Racer on a path of self-discovery

DARREN FRIESEN -- Calgary Sun

, Last Updated: 7:21 AM ET

Not all athletes are focused on winning.

Jeff Pain, the World Cup skeleton champion, is more concerned with simply bettering himself rather than grabbing as many gold medals as possible.

Although, finishing first on more than one occasion helps this philosophy make sense.

"I'm not motivated to win actually," said Pain yesterday while kicking off the Bobsleigh and Skeleton World Championships at Canada Olympic Park.

"I'm motivated to do well and learn about myself. And the venue I choose to do that in is skeleton.

"The gold medals are fun, I love to win them. There's no question it's an amazing feeling but the more I learn about myself the better legacy I'm going to get to leave to my kids by teaching them how to be winners in there life too."

Pain, 33, is the heavy favourite to win the world championship crown after recently capturing the overall World Cup title a week ago in Lake Placid, N.Y.

Along with teammate Duff Gibson, both Calgary residents, Pain is the leader of a very strong skeleton squad that will be expected to pick up medals in next year's Olympics in Turin, Italy.

For now, though, Pain is happy to be home to finish the season on his home track.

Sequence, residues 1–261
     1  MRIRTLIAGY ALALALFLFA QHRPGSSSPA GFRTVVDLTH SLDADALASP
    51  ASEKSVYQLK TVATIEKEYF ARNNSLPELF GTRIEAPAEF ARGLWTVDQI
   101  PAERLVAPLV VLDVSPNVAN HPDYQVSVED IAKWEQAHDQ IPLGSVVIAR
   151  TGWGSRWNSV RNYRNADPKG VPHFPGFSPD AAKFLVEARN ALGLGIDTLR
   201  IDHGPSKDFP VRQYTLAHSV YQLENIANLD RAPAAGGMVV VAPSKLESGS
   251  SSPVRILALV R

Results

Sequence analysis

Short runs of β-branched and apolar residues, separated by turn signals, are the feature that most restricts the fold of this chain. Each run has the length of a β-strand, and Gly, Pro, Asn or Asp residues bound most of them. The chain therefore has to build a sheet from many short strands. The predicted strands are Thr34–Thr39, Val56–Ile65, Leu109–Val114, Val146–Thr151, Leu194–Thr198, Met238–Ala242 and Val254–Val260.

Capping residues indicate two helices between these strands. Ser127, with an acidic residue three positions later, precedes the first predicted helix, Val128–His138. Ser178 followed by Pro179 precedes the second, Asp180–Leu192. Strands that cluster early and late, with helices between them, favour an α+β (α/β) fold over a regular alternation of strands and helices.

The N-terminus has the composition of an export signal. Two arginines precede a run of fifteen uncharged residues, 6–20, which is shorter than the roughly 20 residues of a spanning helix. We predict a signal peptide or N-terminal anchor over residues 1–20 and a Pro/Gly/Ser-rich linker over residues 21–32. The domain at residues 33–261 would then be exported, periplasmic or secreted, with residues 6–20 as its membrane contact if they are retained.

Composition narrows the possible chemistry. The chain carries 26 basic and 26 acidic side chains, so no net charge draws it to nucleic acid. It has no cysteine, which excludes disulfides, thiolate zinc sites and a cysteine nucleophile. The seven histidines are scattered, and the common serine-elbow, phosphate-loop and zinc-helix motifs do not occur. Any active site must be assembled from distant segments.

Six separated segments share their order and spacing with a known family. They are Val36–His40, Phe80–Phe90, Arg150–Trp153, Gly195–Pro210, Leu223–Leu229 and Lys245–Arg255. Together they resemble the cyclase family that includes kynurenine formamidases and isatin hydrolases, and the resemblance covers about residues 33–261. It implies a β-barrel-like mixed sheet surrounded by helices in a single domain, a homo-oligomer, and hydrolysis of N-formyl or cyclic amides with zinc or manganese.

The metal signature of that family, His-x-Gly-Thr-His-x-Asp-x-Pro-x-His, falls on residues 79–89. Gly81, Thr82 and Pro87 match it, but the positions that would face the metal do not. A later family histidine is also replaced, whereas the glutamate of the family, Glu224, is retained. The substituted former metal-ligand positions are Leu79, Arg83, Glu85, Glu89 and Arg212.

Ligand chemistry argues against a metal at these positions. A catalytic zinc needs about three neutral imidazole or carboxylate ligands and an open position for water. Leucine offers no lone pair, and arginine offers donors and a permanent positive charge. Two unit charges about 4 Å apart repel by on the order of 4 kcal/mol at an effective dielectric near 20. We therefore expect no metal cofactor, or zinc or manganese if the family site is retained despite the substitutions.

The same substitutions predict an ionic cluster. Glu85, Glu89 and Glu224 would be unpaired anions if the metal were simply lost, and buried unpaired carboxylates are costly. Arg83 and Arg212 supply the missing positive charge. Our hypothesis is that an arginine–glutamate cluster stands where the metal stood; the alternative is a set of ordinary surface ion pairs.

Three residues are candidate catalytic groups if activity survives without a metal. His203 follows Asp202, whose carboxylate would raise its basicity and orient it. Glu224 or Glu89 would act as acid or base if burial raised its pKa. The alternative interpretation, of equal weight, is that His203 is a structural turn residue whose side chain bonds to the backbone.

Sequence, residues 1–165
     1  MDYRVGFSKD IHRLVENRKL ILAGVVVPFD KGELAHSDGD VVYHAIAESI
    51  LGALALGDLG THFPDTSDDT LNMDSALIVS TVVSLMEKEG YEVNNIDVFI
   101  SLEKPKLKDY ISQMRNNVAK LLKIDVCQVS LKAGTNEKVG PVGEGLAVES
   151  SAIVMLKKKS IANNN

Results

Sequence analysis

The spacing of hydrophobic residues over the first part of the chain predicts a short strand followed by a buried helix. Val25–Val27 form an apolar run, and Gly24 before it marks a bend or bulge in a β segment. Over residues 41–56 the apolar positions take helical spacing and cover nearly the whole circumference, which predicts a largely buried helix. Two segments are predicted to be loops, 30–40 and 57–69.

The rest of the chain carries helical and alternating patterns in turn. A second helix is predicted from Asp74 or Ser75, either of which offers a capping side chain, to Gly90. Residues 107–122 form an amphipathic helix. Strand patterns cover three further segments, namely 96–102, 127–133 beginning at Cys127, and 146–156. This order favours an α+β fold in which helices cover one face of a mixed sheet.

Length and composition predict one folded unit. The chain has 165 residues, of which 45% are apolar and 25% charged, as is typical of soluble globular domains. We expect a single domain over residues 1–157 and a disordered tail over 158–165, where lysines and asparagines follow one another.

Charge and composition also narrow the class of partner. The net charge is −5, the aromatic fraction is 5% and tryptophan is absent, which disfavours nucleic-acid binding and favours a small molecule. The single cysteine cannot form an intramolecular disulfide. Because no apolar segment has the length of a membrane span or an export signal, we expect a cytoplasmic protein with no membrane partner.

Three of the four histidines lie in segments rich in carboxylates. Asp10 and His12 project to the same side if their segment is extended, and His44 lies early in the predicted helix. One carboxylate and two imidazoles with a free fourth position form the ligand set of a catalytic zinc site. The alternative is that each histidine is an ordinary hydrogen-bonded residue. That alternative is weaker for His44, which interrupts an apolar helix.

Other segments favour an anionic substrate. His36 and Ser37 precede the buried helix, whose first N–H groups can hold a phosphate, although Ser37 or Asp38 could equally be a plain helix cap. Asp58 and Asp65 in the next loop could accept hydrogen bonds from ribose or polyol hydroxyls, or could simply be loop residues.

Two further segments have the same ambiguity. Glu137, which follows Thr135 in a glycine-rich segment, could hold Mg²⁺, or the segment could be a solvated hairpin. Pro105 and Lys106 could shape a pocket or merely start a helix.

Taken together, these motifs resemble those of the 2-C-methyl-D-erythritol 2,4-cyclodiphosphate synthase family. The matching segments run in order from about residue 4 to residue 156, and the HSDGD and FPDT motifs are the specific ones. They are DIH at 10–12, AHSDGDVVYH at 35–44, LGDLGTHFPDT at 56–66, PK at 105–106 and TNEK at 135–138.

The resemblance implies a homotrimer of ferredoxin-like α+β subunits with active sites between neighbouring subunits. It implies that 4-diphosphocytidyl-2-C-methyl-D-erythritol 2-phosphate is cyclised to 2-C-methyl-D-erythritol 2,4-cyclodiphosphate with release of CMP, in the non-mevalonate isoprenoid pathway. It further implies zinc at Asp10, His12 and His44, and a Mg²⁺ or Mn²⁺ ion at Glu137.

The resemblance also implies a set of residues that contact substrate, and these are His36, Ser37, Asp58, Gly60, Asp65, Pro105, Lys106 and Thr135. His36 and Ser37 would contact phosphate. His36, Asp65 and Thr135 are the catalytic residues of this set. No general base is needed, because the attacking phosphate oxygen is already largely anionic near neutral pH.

"Having the world championships here in Calgary is a great honour," he said.

"I'm looking forward to a low-stress, fun week, if that's possible."

Joining the skeleton team are the bobsledders, led by Olympic champion Pierre Lueders, who will compete in both the two-man and four-man events.

Dual bobsled kicks off the world championships Friday, while skeleton starts Sunday and four-man bobsled goes all next weekend, starting Friday, Feb. 25.

Winning the world championships, especially at home, would be a great thrill for Pain. Although, he admits capturing the season title was probably more satisfying for the veteran slider.

"The biggest thrill for me was the overall because that says I was good all year," he explained.

"I didn't just have a good weekend, which can happen with the world championships.

"That's not to say the person who wins the championship isn't a good slider but consistency is probably the greatest challenge that I face for sure."

Pain and his teammates are familiar with the COP track but he is adamant they need to remain focused if they expect to beat some of the planet's best sliders.

"Of course, we have the expectation here to win because it's our track," he said.

" But my experience has been the hardest place to win is at home because of those pressures and because everyone else is gunning for you.

"It's easy to get complacent here because I can go down in my sleep essentially. The challenge is to consistently look for the fastest way down and at home sometimes that can be really hard."


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